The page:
Recent Posts

Oouch - Hack The Box

Ooauth was a pretty tough box because I was unfamiliar with Oauth and it took a while to figure out the bits and pieces to chain together. The priv esc was pretty cool, we had to talk to the uwsgi socket directly to manipulate the REMOTE_ADDR variable and exploit a command injection vulnerability in the script calling iptables.

Cascade - Hack The Box

Cascade was a simple and straightforward enumeration-focused Windows box. We find the credentials for the initial account in a custom LDAP attibute then enumerate SMB shares, finding VNC credentials which can be decrypted. With those creds we find an SQlite database that contains encrypted credentials for yet another user. To decrypt the password we have to reverse a simple .NET application located on one of the shares. The final privesc involves getting the admin password from tombstone, a feature in AD that keeps deleted objects for a period of time.

Book - Hack The Box

I initially thought for Book that the goal was to get the administrator’s session cookie via an XSS but instead we have to create a duplicate admin account by using a long email address that gets truncated to the existing one. Once we have access to the admin page we then exploit an XSS vulnerability in the PDF generator to read SSH keys for the low priv user. We priv esc using a race condition vulnerability in logrotate so we can backdoor /etc/bash_completion.d.

Forwardslash - Hack The Box

Forwardslash starts off like most classic Hack The Box machines with some enumeration of vhosts, files and directories with gobuster then we use a Server-Side Request Forgery (SSRF) vulnerability to reach a protected dev directory only accessible from localhost. After finding credentials and getting a shell, we’ll analyze and exploit a small backup program to read files as user pain and find more credentials. In the spirit of Team Unintended, instead of solving the crypto challenge to get root I used the sudo commands available to me to upload and mount my own Luks container and execute a SUID bash binary.

P.O.O. - Hack The Box

Professional Offensive Operations (P.O.O.) was the first endgame lab released by Hack The Box. It contained five different flags spread across two Windows machines. The initial part required some tricky recon with ds_store and IIS short names to find a MSSQL DB connection string. We then had to pivot by abusing the trust between MSSQL linked servers. The lab also had kerberoasting, password cracking, mimikatz and attack path enumeration with Bloodhound in it.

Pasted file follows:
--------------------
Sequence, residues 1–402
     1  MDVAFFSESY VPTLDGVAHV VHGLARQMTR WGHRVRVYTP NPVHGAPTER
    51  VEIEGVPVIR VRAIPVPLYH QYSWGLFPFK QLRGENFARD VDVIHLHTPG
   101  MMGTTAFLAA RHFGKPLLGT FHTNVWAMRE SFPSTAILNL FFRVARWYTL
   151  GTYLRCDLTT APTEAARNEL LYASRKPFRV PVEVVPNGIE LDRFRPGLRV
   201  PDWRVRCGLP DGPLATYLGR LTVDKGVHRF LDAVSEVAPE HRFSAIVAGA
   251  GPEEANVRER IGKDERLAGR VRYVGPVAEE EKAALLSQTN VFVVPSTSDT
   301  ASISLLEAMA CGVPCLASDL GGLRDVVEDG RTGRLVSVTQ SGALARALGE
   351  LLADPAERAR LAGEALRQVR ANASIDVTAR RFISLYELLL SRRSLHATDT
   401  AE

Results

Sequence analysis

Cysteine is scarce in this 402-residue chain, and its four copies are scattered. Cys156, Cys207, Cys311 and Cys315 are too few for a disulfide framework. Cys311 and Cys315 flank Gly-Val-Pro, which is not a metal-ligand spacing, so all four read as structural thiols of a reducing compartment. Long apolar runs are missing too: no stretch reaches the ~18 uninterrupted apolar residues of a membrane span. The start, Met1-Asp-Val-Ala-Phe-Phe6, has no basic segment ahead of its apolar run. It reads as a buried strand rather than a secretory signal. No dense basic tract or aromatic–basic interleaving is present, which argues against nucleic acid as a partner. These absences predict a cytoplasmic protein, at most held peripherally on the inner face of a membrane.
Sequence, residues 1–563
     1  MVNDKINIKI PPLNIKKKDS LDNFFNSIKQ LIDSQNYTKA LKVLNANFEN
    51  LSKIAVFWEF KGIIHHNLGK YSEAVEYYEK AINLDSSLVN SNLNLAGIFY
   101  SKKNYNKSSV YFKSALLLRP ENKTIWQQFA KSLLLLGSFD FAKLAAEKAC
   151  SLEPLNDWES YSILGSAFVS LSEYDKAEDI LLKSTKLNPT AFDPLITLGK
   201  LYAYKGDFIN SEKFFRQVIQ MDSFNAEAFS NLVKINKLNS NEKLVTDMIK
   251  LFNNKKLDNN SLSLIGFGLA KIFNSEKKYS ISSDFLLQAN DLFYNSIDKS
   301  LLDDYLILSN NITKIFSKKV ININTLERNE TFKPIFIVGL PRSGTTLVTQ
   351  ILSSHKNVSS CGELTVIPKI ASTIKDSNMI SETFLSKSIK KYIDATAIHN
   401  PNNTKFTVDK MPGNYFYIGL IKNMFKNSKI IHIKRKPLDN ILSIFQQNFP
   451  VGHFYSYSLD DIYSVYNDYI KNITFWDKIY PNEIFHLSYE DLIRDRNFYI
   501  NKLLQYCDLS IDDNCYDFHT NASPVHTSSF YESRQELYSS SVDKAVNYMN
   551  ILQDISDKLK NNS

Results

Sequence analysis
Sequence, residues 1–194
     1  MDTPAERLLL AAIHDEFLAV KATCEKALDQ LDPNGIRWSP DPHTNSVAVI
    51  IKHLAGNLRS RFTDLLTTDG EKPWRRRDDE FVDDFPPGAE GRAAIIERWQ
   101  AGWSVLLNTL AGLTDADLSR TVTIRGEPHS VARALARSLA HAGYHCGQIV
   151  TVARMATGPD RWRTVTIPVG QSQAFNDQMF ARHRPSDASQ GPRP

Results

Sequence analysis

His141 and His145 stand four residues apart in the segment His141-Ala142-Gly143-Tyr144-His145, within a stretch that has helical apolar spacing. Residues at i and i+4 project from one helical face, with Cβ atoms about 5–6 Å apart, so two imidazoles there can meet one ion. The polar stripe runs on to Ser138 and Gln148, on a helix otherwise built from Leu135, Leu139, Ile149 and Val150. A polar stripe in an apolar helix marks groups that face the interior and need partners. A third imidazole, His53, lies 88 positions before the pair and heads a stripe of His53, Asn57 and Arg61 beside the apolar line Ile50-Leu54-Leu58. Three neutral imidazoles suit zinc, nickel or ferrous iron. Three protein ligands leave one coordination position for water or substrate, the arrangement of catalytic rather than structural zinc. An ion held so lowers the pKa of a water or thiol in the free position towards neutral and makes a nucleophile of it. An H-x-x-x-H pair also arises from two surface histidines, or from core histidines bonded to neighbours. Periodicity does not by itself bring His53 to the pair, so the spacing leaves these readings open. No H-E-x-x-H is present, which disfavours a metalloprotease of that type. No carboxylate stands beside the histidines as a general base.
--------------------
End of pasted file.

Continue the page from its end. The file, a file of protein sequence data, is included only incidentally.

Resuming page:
Resolute - Hack The Box

We start Resolute with enumeration of the domain user accounts using an anonymous bind session to the LDAP server and find an initial password in the description field of one of the account. Password spraying the password against all the discovered accounts give us an initial shell then we pivot to another user after finding creds in a console history file. The priv esc is pretty cool: we’re in the DNS admins group so we can reconfigure the DNS service to run an arbitrary DLL as SYSTEM.

Obscurity - Hack The Box

The Obscurity box has a vulnerable Python web application running. After finding the source code from a secret directory we find that the exec call can be command injected to get a shell as www-data. Then we have to solve a simple crypto challenge to retrieve an encryption key that decrypts a file containing the robert user’s password. We finally get root by exploiting a race condition in a python script so that we can copy the /etc/shadow file and crack the root password.

OpenAdmin - Hack The Box

OpenAdmin is an easy box that starts with using an exploit for the OpenNetAdmin software to get initial RCE. Then we get credentials from the database config and can re-use them to connect by SSH. We then find another web application with an hardcoded SHA512 hash in the PHP code for the login page. After cracking it we’re able to log in and obtain an encrypted SSH key that we have to crack. After getting one more shell, we can run nano as root with sudo and spawn a shell as root.